Add a French Twist to your Summer Party

Want a cake that will be light and delicate, yet indulgent and fresh? Let’s face it, nobody wants a stodgy fruitcake on a hot summer’s day! Look no further than the classic Fraisier. This cake oozes summer weddings, garden parties and is the perfect way to celebrate the end of Wimbledon as it is filled with strawberries & cream. A classic Fraisier is perfectly accompanied with a flute of champagne. In short, this cake is a delight for all the senses and has continued to be one of Mon Dessert’s most requested specialities.

The name of the cake comes from the French word for strawberry fraise. Layering genoise sponge between strawberries and crème mousseline. Genoise sponge is a very light sponge, which is made to rise mainly from whipping eggs. However, I tend to use self-raising flour nonetheless to give it an extra springiness. Crème mousseline is a fluffier and I think yummy version of crème pâtissière and is enriched with whipped butter.

The look of the cake is very distinctive with its exposed strawberries along the sides. The cake does have many stages as with most things Patisserie, but the finished result is well worth it!

Loose base 23cm diameter cake tin and 7cm in depth
Acetate strip you can purchase this from amazon
Stand mixer such as a KitchenAid or a handheld electric whisk
Palate knife

The kirsch syrup
70g caster sugar
70ml water
35ml kirsch

The genoise sponge
125g caster sugar
4 organic eggs
125g self-raising flour
25ml warm homemade clarified butter or bought
Plus extra for greasing

For the crème mousseline
500ml whole organic milk
4 organic eggs, plus 2 organic yolks
220g caster sugar
1 tbsp vanilla paste
60g cornflour
250g butter, cut into cubes and kept at room temperature. It needs to be squidgy

To finish
200g marzipan preferably coloured a pale green with a smidge of food gel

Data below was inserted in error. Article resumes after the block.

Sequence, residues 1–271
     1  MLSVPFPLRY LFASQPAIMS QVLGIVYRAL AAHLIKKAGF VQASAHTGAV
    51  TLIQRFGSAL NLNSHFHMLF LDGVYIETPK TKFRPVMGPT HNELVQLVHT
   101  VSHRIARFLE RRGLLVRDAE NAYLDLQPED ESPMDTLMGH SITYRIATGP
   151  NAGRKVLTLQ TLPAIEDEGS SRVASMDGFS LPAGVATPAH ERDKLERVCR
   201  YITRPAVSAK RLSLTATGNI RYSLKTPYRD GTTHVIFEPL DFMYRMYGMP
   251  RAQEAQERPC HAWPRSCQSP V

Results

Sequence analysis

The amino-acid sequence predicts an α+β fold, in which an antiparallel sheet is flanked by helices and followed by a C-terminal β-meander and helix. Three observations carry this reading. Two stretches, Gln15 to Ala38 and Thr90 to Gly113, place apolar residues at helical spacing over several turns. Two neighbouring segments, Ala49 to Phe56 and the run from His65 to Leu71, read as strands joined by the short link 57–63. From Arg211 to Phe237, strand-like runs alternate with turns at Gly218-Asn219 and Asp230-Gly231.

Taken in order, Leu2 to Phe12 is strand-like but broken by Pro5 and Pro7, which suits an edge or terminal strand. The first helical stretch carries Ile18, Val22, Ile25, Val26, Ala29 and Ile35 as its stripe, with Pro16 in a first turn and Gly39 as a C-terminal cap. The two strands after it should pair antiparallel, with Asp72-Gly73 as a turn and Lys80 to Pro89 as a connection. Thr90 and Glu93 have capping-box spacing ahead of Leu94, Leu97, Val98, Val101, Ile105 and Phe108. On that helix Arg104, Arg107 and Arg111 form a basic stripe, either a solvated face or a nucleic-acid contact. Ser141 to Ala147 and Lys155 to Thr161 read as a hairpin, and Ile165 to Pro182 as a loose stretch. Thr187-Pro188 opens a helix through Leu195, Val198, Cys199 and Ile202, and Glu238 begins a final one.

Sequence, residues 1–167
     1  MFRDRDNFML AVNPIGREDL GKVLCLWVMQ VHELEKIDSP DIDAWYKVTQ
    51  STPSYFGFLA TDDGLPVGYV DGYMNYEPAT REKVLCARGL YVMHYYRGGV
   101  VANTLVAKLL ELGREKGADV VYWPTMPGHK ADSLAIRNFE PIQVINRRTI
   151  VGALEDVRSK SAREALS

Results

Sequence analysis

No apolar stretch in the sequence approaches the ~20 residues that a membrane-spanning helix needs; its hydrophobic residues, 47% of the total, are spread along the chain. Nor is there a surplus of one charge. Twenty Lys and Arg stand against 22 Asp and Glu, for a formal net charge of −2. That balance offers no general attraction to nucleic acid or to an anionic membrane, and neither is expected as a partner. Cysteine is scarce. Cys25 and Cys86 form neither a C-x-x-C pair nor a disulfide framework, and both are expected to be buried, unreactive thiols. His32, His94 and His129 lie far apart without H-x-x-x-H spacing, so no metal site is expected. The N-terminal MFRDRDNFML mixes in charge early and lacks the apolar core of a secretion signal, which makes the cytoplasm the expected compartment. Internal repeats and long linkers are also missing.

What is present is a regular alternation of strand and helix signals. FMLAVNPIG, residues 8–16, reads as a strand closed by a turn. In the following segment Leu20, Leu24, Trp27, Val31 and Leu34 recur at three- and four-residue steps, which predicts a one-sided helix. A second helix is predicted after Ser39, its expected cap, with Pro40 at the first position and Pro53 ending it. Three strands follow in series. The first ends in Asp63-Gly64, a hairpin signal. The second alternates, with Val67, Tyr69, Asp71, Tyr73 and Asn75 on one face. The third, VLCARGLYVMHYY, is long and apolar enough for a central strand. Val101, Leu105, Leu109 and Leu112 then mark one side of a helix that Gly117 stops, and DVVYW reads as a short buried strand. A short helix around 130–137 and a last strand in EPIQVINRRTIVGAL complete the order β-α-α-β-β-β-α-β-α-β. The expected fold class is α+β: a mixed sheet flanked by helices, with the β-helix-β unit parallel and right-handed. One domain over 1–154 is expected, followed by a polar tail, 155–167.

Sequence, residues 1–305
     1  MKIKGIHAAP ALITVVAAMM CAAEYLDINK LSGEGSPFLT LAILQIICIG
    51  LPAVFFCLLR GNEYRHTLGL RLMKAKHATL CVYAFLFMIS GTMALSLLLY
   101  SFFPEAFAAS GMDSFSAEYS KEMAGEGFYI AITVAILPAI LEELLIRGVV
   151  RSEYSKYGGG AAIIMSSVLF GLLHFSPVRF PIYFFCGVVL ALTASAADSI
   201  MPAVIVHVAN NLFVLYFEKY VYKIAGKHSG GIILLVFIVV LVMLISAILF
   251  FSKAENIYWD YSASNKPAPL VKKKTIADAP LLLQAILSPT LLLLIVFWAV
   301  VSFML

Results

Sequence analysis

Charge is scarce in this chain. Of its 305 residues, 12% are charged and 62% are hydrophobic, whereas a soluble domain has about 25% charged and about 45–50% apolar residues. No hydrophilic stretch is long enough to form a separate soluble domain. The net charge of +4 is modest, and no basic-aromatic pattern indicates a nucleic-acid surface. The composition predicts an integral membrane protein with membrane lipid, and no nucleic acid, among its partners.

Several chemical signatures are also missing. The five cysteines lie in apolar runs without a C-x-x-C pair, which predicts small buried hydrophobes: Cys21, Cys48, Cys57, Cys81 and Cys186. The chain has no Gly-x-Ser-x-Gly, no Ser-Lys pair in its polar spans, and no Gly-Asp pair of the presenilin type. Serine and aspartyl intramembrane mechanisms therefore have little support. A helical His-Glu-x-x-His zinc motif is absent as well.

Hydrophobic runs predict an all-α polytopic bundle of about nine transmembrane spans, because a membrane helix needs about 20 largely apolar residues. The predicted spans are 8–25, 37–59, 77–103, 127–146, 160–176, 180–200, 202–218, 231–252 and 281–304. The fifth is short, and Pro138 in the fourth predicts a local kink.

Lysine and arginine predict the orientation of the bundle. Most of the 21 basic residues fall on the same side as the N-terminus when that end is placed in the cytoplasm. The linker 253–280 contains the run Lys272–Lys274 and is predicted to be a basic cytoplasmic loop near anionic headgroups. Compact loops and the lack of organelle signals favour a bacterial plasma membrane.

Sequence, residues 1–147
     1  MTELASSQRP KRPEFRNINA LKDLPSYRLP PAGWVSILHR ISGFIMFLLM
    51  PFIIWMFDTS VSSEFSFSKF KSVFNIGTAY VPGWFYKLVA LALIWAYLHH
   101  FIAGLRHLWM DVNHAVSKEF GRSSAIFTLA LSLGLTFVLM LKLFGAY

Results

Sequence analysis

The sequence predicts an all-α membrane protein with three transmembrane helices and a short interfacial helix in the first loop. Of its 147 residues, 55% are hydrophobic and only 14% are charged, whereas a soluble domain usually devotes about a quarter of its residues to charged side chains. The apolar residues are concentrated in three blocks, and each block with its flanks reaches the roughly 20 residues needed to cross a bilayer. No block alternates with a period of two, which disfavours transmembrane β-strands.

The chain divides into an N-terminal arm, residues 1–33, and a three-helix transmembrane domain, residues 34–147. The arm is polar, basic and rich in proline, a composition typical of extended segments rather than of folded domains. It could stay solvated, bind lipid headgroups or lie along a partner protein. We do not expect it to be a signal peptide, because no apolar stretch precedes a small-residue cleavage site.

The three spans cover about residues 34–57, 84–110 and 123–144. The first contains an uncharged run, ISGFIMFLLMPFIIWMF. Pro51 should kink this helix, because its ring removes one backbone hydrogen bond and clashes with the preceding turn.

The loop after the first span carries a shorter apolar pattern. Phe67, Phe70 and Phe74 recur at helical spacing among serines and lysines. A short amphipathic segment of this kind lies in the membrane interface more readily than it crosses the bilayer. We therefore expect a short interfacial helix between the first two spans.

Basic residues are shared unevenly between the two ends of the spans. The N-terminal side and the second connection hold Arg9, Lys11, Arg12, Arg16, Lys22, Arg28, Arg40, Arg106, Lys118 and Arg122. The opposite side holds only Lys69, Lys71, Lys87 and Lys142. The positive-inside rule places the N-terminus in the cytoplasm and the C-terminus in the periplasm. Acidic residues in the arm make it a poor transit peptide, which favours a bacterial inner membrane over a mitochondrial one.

Icing sugar to decorate
600g medium sized strawberries halved
Reserve 3 of the prettiest strawberries as whole for decoration



The kirsch syrup
Place the sugar and water in a small saucepan over a med/low heat
Add the kirsch and leave aside.

The genoise sponge
Preheat the over to fan 180°c, 190°c if a normal oven
Grease & line your cake tin
Place the sugar large bowl or Kitchenaid bowl and set over a pan of simmering water.
Using an electric hand whisk, whisk the mixture over a low/med heat. Using a thermometer check to see when the temperature has reached 30°c.
Take off the heat and continue to whisk the mixture for 5-10 minutes until you have a pale ribbon like consistency. This is where a Kitchenaid or stand mixer comes in handy!
Sift in two-thirds of the flour and gently fold into the whisked mixture with a metal spoon or spatula. Add the remaining flour and fold again. Try to keep in as much of the air as possible. Make sure all the flour is incorporated into the mixture.
Gently fold in the clarified butter.
Pour the mixture equally into the cake tins and bake for 20 minutes or until the sides of the cake begin to come away from the tin and its pale golden-brown.
Once baked turn out immediately onto a wire rack with parchment on it be careful as the cake is very fragile.
Brush the sponge with ½ of the kirsch syrup on all sides so it seeps through. Leave to cool completely.

Crème Mousseline stage 1
To make the crème Mousseline, pour the milk into a pan, Bring the milk up to the boil, then take it off the heat.
Whisk together the eggs, sugar, cornflour in a medium sized bowl until blended.